Natalia Slioussar

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In languages with flexible constituent order (so-called free word order languages), available orders are used to encode given/new distinctions; they therefore differ not only syntactically, but also in their context requirements. In Experiment 1, using a self-paced reading task, we compared Russian S V IO DO (canonical), DO S V IO and DO IO V S(More)
The generation of regular and irregular past tense verbs has long been a testing ground for different models of inflection in the mental lexicon. Behavioral studies examined a variety of languages, but neuroimaging studies rely almost exclusively on English and German data. In our fMRI experiment, participants inflected Russian verbs and nouns of different(More)
The generation of regular and irregular past tense verbs has long been a testing ground for different models of inflection in the mental lexicon. According to the dual-system view, regular forms are generated by a rule and irregular forms are retrieved from memory. The single-system view postulates a single integrated system for all forms. Behavioral(More)
Functional connectivity between brain areas involved in the processing of complex language forms remains largely unexplored. Contributing to the debate about neural mechanisms underlying regular and irregular inflectional morphology processing in the mental lexicon, we conducted an fMRI experiment in which participants generated forms from different types(More)
The Possible Word Constraint, or PWC, is a speech segmentation principle prohibiting to postulate word boundaries if a remaining segment contains only consonants. The PWC was initially formulated for English where all words contain a vowel and claimed to hold universally after being confirmed for various other languages. However, it is crucial to look at(More)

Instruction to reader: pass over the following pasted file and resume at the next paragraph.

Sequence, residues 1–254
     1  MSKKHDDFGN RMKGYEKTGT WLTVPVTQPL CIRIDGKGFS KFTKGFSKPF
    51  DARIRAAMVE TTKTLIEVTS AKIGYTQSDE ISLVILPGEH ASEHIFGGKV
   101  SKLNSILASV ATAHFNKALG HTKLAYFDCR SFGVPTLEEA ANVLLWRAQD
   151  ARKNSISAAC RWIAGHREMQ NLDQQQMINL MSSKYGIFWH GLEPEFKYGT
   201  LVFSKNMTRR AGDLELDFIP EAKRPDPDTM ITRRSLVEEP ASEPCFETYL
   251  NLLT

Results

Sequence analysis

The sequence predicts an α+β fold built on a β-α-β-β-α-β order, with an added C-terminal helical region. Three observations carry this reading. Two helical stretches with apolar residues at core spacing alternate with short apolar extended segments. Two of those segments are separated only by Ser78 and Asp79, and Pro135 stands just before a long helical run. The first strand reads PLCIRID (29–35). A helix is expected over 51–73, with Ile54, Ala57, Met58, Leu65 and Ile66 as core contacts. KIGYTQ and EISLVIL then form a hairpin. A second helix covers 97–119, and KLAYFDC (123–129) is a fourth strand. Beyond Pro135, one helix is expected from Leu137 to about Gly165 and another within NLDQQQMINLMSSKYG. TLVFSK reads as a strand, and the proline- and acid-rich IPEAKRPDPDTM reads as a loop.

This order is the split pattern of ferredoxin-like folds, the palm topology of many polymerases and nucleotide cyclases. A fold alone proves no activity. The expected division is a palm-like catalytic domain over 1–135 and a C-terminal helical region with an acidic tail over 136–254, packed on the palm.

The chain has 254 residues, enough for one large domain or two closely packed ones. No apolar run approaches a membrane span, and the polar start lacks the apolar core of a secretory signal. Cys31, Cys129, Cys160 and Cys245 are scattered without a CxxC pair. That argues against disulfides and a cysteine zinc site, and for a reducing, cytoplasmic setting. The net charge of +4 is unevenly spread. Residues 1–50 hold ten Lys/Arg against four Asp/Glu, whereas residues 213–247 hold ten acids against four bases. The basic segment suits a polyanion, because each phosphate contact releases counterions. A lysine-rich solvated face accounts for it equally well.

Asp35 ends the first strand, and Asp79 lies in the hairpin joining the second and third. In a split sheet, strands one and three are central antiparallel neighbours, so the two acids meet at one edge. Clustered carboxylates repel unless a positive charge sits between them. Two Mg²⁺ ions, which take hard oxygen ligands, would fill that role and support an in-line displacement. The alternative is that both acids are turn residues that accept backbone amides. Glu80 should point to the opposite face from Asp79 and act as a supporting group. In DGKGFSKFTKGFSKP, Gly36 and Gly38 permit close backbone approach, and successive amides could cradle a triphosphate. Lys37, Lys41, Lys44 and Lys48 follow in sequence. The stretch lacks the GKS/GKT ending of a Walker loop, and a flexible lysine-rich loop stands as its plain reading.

We report two lexical decision experiments analyzing Russian prefixed and unprefixed verbs and deverbal nouns. These experiments show that the summed frequency of direct derivatives influences access time to the base word. We demonstrate that this effect cannot be explained by semantic or phonological similarity and is not due to the fact that derived words(More)
Cuetos and Mitchell 1988, and much subsequent work, report that speakers of different languages differ in Relative Clause attachment preferences in complex NPs. These findings challenged universal theories of processing and in particular the universality of locality in parsing. In this paper, I argue that asymmetries in attachment preference stem from a(More)
Frequency is known to play a crucial role in lexical access. The notions primarily discussed in the literature are form frequency, (whole) word frequency and morpheme frequency, e.g. root frequency. In numerous studies (Alegre & Gordon, 1999; Baayen & al. 2007, a.m.o.), these characteristics were manipulated to find out whether various word forms are(More)